Tuesday, July 8, 2014

Album Review: Dudley Taft -- Deep Deep Blue


This CD review was originally published in the July 17, 2013 edition of Blues Blast Magazine. Be sure to check out the rest of the magazine at thebluesblast.com

Dudley Taft – Deep Deep Blue

Self release through American Blues Artist Group Records


11 tracks / 48:49

I have been waiting for a new release from Dudley Taft ever since I heard his 2010 debut solo album, Left For Dead. Though he started solo work only a few years ago, this does not mean that he is just arriving at the party. This guitar master has paid his dues for over 30 years, and this musical journey has taken him to interesting places that give him a unique sound and vision.

Dudley has lived all over the United States, growing up in the Midwest and attending prep school in Connecticut in the 1980s with none other than Trey Anastacio, who would later be in Phish. He moved on to Los Angeles to explore the hair band scene, and finally found his place after moving to Seattle in 1990. He became a fixture in the northwest, and spent twenty years there writing, recording, and performing his music with a few different bands. A few years ago he decided to form his own blues band after being inspired by Freddie “The Texas Cannonball” King, and he recently set up shop in Chapel Hill, North Carolina.

Deep Deep Blue is Taft’s second solo release, and its eleven tracks include eight originals and three unexpected covers. Dudley wrote the original songs and handles the guitar work and vocals. He is joined by a capable band that includes Eric Robert on keyboards, Chris Leighton, Scott Vogel and Jason Patterson on drums, Ashley Christensen on backing vocals and John Kessler on the bass. Kessler also handled the production chores. Sticking close to his roots, this album was mostly recorded in Seattle, with overdubs and guitar tracks completed in North Carolina.

Though he is inspired by classic blues artists, he does not copy what they did, but instead interprets it through a more modern blues rock context. “Meet Me in the Morning” is the opening track, and I must say that I have never heard of anyone covering this Bob Dylan song before. Thankfully he did not stick true to the original, instead turning it into a guitar-centered blues rocker with a solid riff. At its core this is a guitar album and it is refreshing that he is not aping anybody else’s tone or feel – he has spent years defining his own sound and it is to die for.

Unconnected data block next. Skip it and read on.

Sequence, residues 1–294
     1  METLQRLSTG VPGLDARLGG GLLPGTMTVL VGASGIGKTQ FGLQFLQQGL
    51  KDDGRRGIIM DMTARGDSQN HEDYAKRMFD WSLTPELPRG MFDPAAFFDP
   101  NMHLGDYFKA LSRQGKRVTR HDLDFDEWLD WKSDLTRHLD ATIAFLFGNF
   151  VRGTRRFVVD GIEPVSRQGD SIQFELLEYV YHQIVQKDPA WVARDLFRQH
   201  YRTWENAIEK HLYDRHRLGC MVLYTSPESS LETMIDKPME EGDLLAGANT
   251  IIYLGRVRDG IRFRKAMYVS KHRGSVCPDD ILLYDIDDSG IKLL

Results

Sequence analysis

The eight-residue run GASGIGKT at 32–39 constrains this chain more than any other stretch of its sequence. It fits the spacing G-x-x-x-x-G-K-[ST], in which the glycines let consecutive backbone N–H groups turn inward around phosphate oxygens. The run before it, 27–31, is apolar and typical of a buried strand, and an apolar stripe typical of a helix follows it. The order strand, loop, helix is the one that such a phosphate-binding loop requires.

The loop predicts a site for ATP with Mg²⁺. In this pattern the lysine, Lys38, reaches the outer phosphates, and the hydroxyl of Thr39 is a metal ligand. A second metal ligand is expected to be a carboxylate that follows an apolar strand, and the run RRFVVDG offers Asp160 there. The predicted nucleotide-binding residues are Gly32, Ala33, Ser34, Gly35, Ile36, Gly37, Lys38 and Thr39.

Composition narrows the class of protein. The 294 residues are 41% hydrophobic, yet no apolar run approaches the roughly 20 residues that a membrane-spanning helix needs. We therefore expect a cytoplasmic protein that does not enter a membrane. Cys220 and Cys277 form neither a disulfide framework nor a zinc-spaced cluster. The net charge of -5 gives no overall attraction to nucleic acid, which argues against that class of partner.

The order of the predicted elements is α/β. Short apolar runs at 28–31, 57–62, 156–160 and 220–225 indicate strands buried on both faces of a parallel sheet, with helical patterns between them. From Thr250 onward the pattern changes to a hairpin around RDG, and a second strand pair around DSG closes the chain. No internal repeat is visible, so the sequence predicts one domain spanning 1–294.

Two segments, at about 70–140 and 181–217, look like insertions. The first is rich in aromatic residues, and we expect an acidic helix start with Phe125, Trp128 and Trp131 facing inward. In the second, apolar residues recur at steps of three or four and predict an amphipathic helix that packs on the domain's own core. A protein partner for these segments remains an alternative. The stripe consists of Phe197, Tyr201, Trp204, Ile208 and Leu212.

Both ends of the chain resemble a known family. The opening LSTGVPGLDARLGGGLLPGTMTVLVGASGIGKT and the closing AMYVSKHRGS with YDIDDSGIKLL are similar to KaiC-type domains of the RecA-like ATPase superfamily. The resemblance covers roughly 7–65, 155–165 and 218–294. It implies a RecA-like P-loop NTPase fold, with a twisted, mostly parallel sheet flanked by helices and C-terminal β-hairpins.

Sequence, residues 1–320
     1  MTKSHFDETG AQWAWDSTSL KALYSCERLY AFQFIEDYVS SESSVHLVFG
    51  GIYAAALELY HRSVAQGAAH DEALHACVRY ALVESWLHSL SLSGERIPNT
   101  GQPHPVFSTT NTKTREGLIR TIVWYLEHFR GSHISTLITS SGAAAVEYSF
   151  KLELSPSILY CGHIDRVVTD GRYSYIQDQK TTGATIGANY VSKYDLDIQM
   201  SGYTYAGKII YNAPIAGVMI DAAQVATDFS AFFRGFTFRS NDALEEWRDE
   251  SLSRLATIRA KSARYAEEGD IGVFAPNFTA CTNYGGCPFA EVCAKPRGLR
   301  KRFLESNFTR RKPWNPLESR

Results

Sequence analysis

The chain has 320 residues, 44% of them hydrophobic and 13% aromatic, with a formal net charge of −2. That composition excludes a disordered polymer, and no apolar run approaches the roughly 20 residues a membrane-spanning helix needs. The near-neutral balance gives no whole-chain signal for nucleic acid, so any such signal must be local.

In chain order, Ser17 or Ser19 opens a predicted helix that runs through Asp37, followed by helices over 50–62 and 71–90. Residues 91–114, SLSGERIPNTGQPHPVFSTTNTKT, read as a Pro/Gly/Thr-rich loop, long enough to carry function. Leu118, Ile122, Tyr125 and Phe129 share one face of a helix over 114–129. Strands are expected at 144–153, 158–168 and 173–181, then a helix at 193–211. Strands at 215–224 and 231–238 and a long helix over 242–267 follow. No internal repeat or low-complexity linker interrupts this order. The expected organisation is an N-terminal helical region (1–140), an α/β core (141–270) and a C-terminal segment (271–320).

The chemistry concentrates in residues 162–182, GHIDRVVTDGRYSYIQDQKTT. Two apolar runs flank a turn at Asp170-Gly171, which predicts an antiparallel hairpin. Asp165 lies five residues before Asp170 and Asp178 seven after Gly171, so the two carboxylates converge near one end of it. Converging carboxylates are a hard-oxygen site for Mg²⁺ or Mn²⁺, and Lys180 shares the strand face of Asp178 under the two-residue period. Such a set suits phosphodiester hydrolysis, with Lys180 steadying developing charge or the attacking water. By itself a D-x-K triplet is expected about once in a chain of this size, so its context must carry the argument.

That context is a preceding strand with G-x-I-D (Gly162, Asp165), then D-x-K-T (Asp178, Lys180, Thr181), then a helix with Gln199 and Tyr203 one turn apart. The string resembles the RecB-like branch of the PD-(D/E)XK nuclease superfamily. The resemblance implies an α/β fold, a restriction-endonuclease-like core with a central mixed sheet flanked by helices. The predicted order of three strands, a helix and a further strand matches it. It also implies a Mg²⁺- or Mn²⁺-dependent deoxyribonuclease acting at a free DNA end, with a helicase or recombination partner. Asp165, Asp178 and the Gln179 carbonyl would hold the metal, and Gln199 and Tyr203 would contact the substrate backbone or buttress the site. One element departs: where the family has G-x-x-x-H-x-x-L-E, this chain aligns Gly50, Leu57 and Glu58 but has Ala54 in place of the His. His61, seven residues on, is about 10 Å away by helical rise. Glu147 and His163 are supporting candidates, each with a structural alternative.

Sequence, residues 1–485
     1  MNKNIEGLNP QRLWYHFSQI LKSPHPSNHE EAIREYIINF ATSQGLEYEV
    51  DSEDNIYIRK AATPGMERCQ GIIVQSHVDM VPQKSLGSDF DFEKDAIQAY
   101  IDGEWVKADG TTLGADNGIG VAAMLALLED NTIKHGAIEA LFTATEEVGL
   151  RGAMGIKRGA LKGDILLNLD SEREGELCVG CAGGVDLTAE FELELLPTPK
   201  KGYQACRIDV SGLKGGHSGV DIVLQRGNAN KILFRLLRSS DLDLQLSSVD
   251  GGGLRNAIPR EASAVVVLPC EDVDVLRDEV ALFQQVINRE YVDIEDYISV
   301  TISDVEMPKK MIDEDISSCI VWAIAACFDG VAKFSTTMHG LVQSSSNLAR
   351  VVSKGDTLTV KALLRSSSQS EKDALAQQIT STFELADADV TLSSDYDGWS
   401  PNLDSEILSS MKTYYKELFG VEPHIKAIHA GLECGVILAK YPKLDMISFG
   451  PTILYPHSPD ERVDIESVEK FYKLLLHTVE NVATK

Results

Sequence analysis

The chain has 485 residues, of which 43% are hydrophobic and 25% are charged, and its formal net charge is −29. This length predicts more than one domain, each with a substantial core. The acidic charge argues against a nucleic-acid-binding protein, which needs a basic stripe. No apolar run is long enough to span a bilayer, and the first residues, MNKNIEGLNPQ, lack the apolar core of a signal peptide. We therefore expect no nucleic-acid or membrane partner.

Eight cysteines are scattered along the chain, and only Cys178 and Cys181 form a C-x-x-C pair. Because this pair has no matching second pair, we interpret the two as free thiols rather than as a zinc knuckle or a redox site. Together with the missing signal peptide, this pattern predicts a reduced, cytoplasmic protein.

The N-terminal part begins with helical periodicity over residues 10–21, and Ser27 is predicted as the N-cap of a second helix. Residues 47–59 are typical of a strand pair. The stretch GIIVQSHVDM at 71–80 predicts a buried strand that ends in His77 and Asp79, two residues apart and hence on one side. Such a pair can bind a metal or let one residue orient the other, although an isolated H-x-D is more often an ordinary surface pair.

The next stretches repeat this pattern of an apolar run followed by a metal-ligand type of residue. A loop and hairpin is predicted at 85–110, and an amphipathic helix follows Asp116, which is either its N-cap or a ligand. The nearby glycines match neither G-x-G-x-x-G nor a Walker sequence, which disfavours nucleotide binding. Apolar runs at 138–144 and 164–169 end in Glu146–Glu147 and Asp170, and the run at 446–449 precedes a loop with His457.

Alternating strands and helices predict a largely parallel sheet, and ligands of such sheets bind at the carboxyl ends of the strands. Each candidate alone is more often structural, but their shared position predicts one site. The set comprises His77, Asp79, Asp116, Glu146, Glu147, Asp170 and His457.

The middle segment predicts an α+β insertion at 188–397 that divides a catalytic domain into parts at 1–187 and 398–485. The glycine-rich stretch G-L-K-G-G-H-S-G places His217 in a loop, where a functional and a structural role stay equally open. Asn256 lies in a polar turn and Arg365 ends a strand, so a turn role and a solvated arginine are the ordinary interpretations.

Things really get rolling after this with the fast driving original rock tune, “The Waiting.” His lyrics mirror the guitar line and it is hard not to notice the rock solid backline. The bass and drums are perfectly in sync, so it is obvious that these are first-call musicians he is working with here. By the way, his voice has a raw and weathered tone that works perfectly with this harder-edged music.

“God Forbid” is a southern rocker that showcases Taft’s deft songwriting skills, as its clever lyrics continue the story started in the title track Left for Dead. He also uses his writing skills to give a short history lesson in “Bandit Queen,” the story of Pearl hear, the stagecoach robber. I had to Google her after hearing this song to see what she was all about, and it is a fascinating story.

Lou Reed’s “Sally Can’t Dance” is another neat cover choice and it includes some nice organ work, and as a Lou Reed fan I whole-heartedly approve of Dudley’s interpretation of this classic. It is upbeat and funky, and shows that these musicians can take on any genre that they choose. The final cover is a hard rock re-do of Freddie King’s “Palace of the King.” This version has a driving beat, screaming guitar work and well-done backing vocals.

Taft can play the slow blues too, as he proves in the heartfelt “Deep Deep Blue.” Slowing him down does not lessen the tension that he is able to create with his guitar. He leaves no doubt that he is a fabulous musician and I get a Jeff Beck / Robin Trower vibe from him on this one.

“Feeling Good Now” starts with a great hook, and then surprises the listener as a tight horn section pops in to double the guitar line. There is a little bit of everything in this album, but he never strays far from the guitar and once again he lights a fire in this funky track. This is followed up by my favorite song from Deep Deep Blue: “Wishing Well.” This country rock song starts with some very pretty acoustic work and makes liberal use of the backing vocalists during the verses and chorus. I like the way this tune swells and builds with electric guitars and then tapers off to finish acoustically.

Deep Deep Blue is a fabulous effort from Dudley Taft, and it is notable that all of the tracks are solid and well-integrated with each other. It is apparent that he did not focus on writing a few hit singles, but instead worked to write a very good album. So, this is not a disc to cherry-pick tracks from, and it is better to listen to it as a whole so you can get the full experience. I really enjoyed it and look forward to hearing more from him soon!


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